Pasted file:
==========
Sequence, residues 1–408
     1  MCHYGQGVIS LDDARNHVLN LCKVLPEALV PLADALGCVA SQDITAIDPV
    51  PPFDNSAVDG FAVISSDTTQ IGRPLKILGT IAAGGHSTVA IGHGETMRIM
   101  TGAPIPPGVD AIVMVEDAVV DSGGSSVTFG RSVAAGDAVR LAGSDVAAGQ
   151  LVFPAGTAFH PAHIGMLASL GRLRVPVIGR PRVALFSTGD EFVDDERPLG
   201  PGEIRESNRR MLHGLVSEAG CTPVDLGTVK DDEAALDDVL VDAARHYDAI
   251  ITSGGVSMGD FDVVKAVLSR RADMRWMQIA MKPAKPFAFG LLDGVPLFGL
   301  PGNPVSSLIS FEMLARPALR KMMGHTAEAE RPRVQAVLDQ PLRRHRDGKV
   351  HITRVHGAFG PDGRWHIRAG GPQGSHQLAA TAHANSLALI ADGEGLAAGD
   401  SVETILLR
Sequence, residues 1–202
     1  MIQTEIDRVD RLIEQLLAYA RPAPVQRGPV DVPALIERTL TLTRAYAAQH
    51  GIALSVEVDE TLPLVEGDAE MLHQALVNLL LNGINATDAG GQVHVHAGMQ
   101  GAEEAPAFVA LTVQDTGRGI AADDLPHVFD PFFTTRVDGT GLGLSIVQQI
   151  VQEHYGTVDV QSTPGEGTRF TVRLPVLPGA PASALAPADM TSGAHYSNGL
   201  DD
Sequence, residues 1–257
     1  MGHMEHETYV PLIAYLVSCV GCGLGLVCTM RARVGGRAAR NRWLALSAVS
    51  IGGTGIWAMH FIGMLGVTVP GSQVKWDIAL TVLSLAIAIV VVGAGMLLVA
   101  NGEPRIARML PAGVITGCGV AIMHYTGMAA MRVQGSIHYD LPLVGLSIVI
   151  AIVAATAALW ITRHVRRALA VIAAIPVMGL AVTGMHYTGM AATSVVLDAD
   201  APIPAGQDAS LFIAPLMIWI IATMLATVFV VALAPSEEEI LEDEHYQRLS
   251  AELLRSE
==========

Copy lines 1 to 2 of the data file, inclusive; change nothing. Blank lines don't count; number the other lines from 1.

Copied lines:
Sequence, residues 1–408
     1  MCHYGQGVIS LDDARNHVLN LCKVLPEALV PLADALGCVA SQDITAIDPV